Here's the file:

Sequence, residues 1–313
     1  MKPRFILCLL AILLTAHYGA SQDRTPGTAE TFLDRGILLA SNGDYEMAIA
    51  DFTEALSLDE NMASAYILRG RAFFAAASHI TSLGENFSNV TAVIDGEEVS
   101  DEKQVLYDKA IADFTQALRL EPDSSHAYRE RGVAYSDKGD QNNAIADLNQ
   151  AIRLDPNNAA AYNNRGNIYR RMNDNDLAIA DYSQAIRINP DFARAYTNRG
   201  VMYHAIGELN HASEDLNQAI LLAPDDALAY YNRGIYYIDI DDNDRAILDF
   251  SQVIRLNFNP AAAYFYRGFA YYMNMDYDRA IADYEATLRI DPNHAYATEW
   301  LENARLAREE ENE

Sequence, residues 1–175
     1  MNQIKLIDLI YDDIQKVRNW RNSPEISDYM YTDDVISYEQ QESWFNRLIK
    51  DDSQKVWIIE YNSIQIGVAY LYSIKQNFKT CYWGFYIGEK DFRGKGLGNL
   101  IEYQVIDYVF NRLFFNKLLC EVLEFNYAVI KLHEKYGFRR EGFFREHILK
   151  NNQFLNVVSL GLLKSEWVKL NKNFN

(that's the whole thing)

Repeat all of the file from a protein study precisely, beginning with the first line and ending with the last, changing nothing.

Sequence, residues 1–313
     1  MKPRFILCLL AILLTAHYGA SQDRTPGTAE TFLDRGILLA SNGDYEMAIA
    51  DFTEALSLDE NMASAYILRG RAFFAAASHI TSLGENFSNV TAVIDGEEVS
   101  DEKQVLYDKA IADFTQALRL EPDSSHAYRE RGVAYSDKGD QNNAIADLNQ
   151  AIRLDPNNAA AYNNRGNIYR RMNDNDLAIA DYSQAIRINP DFARAYTNRG
   201  VMYHAIGELN HASEDLNQAI LLAPDDALAY YNRGIYYIDI DDNDRAILDF
   251  SQVIRLNFNP AAAYFYRGFA YYMNMDYDRA IADYEATLRI DPNHAYATEW
   301  LENARLAREE ENE

Sequence, residues 1–175
     1  MNQIKLIDLI YDDIQKVRNW RNSPEISDYM YTDDVISYEQ QESWFNRLIK
    51  DDSQKVWIIE YNSIQIGVAY LYSIKQNFKT CYWGFYIGEK DFRGKGLGNL
   101  IEYQVIDYVF NRLFFNKLLC EVLEFNYAVI KLHEKYGFRR EGFFREHILK
   151  NNQFLNVVSL GLLKSEWVKL NKNFN